Simon & Schuster: 8/1/17
eBook review copy; 368 pages
Girl in Snow by Danya Kukafka is a recommended murder mystery, highly for the right reader, that focuses on character studies of three individuals.
The body of 15-year-old Lucinda Hayes, a popular high school student, is discovered on a playground in Broomsville, a quiet Colorado town. Girl in Snow follows the investigation through three different characters: Cameron, Jade, and Russ. Ninth-grader Cameron Whitley was obsessed with Lucinda and stalked her, often watching her house at night. He also did numerous drawings of her. Did Cameron's love for her somehow result in violence? Jade Dixon-Burns, an overweight 16-year-old with acne and an abusive mother, hated Lucinda for stealing her babysitting job and her best friend. Russ Fletcher is a local police officer who is on the case. He promised his former disgraced partner, Cameron's missing dad, that he'd look out for Cameron, but he is unsure if this is possible. Russ's ex-con brother-in-law, Ivan, is the overnight janitor at the school and also a suspect.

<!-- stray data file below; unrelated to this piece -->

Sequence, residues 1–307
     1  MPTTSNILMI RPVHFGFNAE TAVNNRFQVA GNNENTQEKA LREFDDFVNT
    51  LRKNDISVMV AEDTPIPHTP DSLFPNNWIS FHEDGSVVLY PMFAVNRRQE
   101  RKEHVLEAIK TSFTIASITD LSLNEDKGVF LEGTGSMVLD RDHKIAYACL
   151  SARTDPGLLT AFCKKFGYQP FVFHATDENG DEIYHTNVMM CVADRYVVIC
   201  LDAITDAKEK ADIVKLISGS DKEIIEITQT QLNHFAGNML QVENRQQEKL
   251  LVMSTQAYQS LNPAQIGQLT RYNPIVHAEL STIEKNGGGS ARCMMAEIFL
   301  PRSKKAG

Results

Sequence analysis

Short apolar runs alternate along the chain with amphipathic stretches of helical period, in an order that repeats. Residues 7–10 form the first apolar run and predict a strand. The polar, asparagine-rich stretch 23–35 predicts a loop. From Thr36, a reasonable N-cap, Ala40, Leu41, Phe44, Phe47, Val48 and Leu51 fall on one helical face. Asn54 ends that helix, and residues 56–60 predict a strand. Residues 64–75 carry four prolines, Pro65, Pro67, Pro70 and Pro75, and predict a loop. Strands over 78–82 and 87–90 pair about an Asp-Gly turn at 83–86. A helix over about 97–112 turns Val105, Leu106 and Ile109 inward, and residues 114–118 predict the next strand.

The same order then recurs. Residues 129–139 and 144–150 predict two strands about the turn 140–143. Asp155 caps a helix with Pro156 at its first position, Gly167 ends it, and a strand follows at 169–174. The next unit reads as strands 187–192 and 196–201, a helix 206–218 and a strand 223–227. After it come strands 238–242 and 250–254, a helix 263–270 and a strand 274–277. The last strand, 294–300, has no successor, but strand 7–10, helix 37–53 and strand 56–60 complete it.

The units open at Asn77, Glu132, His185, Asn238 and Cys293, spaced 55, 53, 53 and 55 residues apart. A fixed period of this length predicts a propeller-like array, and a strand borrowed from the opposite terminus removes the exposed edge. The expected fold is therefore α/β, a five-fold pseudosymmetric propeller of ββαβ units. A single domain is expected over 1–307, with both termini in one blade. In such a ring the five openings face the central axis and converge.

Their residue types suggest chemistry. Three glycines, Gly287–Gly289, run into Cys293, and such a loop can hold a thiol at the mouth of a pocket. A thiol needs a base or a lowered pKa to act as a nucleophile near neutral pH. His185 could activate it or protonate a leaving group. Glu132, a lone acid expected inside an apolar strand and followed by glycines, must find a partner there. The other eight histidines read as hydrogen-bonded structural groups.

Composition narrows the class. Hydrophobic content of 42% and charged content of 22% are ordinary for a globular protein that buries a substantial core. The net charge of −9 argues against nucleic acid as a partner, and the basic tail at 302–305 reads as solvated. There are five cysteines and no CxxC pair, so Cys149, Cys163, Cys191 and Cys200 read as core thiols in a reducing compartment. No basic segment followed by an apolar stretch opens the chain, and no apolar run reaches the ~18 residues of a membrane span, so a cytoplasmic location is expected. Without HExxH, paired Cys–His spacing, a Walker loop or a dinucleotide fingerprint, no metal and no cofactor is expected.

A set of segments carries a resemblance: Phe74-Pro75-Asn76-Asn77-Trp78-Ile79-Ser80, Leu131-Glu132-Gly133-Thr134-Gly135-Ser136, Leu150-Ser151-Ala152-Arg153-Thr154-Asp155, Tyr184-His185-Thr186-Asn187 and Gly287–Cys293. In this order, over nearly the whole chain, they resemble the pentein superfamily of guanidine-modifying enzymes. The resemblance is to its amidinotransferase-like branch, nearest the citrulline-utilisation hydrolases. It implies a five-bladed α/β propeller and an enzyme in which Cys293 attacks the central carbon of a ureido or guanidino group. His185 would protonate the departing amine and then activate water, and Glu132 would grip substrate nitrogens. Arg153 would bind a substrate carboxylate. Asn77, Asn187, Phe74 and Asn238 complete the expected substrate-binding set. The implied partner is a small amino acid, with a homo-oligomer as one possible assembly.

Chapters in the novel switch between these three narrators and the bulk of the action is set over a three day period. The murder mystery part of the novel is downplayed in favor of the careful scrutiny of the thoughts, actions, and past events in the lives of Cameron, Jade, and Russ, whether it all relates to the mystery or not. This makes for an interesting character study but becomes tedious as solving the murder mystery is exponentially drawn out for far too long in the plot. It almost felt like the end result was an afterthought.
There is also a slight YA feel to the novel, perhaps because of the focus inside the heads of two teens. Cameron's narrative feels dreamy, unfocused, and there are large section of time where he can't remember what happened. Jade's narrative sections also include scenes from plays she is writing based on real life interactions and conversations. She had some big reason's to hate Lucinda and this is fully explored. The end result of focusing on these two teens is that you get a double-portion of teen angst and anxiety, but less murder investigation.
Kukafka is a writer to watch, however, because of the quality of her writing and the portraits she creates of these three individuals. While the novel did feel a bit overlong and drawn out at times due to the dense prose, the skillful character studies also set it apart. This may not quite be the murder mystery you hoped you were picking up, but it is a fine character study and it does provide an answer to the mystery in the end. (3.5 rounded up.)
Disclosure: My review copy was courtesy of Simon & Schuster.